(closer-mop:class-slots
       (find-class class-name))))

It is no wonder you have a problem with this macro. It is simply because it should be a function, not a macro. Macros are for source transformation. All you need is a simple computation, so no macro is needed

;;macro that I am having difficulty with
(defmacro obj-to-hash (obj-inst)

Poor wording: obj-inst. Either name it object or instance. Not both.

  "Reads an object, reflects over its slots, and returns a hash table of them"

Poor documentation: you don't READ anything. Read is an I/O operation and in your code is none. You are talking about an 'object', but above you have something like 'obj-inst'. Why talk about the same thing in two different ways? You may want to document what the hash table actual maps. From which keys to which values?

  `(let ((new-hash (make-hash-table))

new-hash is also a poor name. Basically the thing is a hash-table.

    (slot-list (class-slots-symbols (type-of ,obj-inst))))

Why TYPE-OF and then later in the helper function call FIND-CLASS? Common Lisp has CLASS-OF, which returns the class directly.

    ;;The slot-list needs to expand out correctly in the with-slots form
    (with-slots (slot-list) obj-inst

Above won't work since WITH-SLOTS expects slot names at compile time, not a slot-list.

       (loop for slot in slot-list do   ;and also here
        (format t "~a~&" slot)
        (hashset new-hash (string slot) slot)

HASHSET is not needed, unless it does something special. The usual way to set values is via SETF. SETF takes the form to read a place and the form to compute a value. That's all. It works for all kinds of data structures. One never needs to remember again how the writer function looks like (name, parameter list, ...).

))))

Here is my version:

Note that I use the package CLOS, you may want to use your package CLOSER-MOP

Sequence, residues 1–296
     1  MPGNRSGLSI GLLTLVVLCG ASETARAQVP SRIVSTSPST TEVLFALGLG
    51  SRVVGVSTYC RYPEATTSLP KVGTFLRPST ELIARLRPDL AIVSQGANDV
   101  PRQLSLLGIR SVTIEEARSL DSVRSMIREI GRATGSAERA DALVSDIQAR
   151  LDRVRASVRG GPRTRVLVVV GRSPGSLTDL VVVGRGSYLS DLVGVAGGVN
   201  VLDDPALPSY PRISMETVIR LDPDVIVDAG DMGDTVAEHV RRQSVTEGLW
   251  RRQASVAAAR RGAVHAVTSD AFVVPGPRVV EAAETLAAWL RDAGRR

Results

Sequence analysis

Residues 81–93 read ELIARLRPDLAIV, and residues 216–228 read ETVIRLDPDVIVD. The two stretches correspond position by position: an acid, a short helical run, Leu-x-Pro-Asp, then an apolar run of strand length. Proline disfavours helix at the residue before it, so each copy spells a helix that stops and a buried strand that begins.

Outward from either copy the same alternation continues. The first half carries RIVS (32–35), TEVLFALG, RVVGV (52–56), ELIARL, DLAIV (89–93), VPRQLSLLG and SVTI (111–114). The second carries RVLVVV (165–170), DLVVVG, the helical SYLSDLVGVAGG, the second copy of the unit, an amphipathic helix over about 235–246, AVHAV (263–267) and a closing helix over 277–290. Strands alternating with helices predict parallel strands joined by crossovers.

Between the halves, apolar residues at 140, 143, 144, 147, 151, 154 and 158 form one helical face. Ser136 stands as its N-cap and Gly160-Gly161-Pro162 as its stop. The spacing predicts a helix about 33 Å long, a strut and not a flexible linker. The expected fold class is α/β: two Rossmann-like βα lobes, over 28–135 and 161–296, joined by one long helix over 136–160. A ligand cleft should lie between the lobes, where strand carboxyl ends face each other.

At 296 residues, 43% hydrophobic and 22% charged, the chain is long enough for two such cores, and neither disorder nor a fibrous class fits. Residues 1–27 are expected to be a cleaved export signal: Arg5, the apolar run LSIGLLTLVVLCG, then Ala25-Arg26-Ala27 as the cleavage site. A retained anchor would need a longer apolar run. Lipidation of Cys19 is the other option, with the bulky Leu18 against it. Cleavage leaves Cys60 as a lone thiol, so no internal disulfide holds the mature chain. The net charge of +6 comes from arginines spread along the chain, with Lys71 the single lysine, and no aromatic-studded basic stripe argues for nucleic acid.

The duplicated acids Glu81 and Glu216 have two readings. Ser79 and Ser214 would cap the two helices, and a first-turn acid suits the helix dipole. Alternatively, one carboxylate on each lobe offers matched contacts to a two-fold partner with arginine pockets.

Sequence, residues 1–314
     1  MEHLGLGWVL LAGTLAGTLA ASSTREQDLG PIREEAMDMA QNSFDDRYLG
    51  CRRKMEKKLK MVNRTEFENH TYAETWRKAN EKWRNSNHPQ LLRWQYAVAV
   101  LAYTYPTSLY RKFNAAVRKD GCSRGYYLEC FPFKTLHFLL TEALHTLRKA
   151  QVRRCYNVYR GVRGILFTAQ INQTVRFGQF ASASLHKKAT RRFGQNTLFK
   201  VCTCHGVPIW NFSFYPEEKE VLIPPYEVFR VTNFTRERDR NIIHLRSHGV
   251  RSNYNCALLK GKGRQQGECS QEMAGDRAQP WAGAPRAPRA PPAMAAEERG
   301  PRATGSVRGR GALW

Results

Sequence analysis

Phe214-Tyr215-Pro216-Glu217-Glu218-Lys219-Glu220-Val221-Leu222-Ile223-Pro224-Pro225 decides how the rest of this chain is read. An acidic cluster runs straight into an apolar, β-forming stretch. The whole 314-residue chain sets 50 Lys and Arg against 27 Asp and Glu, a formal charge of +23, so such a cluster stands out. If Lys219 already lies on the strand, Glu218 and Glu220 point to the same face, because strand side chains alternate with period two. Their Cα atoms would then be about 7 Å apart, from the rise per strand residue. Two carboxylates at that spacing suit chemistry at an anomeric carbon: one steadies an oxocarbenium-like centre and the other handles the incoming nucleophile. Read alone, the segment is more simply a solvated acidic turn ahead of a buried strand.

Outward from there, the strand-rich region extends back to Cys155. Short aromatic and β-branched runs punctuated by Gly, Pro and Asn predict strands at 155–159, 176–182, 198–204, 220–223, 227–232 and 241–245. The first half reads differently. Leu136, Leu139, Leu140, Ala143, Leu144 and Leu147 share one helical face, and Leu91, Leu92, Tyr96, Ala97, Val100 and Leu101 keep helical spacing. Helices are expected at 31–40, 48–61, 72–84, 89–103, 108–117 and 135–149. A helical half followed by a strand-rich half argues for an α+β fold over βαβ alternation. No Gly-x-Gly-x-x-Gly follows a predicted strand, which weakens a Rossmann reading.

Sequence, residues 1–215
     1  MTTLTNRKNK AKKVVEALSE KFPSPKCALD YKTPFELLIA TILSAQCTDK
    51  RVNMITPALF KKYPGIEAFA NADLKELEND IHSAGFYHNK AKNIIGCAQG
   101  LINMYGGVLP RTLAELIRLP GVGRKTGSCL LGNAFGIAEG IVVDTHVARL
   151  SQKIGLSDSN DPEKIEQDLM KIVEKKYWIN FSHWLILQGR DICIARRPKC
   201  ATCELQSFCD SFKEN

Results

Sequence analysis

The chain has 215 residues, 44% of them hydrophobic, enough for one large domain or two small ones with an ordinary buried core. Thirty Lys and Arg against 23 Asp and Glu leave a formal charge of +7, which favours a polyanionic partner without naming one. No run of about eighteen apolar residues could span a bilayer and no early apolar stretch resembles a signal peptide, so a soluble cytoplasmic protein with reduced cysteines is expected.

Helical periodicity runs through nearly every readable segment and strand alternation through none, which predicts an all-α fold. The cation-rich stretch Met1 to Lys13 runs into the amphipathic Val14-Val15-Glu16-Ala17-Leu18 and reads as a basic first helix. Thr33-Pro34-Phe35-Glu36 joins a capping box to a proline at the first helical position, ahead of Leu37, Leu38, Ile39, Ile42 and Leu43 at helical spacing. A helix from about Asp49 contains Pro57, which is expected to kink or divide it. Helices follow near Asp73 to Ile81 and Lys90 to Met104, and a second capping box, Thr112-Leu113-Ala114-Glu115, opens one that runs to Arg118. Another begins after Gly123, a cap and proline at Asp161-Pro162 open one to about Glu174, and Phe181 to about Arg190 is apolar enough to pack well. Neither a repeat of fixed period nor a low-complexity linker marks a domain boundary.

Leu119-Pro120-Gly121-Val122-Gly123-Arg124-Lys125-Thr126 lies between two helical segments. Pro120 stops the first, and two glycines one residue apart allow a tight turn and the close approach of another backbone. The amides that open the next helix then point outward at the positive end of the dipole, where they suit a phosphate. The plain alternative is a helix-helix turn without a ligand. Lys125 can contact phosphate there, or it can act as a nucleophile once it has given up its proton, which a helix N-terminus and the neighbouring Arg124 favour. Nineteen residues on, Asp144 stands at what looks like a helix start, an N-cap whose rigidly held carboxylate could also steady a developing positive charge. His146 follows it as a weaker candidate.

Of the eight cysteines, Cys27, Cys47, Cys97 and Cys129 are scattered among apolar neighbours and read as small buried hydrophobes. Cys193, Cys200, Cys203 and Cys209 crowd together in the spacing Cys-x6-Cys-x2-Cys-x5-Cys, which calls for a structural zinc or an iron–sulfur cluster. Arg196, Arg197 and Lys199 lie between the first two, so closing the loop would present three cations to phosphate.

(defun class-slots-symbols (class)
  "Returns a list of the symbol names of the class slots"
  (mapcar 'clos:slot-definition-name
          (clos:class-slots class)))

Above is a simple function taking a class and returning the list of slot names.

Next, we have a simple function, which in this form has been written a million times in Common Lisp:

(defun object-to-hash (object)
  "returns a hashtable with the object's slots as keys and slot-values as values"
  (let ((hash-table (make-hash-table)))
    (loop for slot-name in (class-slots-symbols (class-of object))
          do (setf (gethash slot-name hash-table)
                   (string (slot-value object slot-name))))
    hash-table))

We can also rewrite it to slightly older style Lisp:

(defun object-to-hash (object &aux (hash-table (make-hash-table)))
  "returns a hashtable with the object's slots as keys
   and string versions of the slot-values as values"
  (dolist (slot-name (class-slots-symbols (class-of object)) hash-table)
    (setf (gethash slot-name hash-table)
          (string (slot-value object slot-name)))))

Above is much simpler and has the whole confusion about macros, generating code, compile time information vs. runtime, ... removed. It is much easier to understand, maintain and debug.

share|improve this answer
    
slot value did it. Thanks. Thanks, a LOT. :-) –  Paul Nathan Jun 26 '11 at 2:28
    
To follow up: I was using with-slots because I did not know about slot-value. With-slots requires a expanded list of slots to use, hence using a macro. Using class-of also simplified slightly. My final solution is posted above: it looks much like yours. –  Paul Nathan Jun 27 '11 at 21:05
1  
@Paul Nathan: 'hence using a macro' - but that does not work. You can't know the slots of the objects before runtime. The compiler simply does not know them. Using a macro does not solve this problem. –  Rainer Joswig Jun 28 '11 at 1:53

Your Answer

 
discard

By posting your answer, you agree to the privacy policy and terms of service.

Not the answer you're looking for? Browse other questions tagged or ask your own question.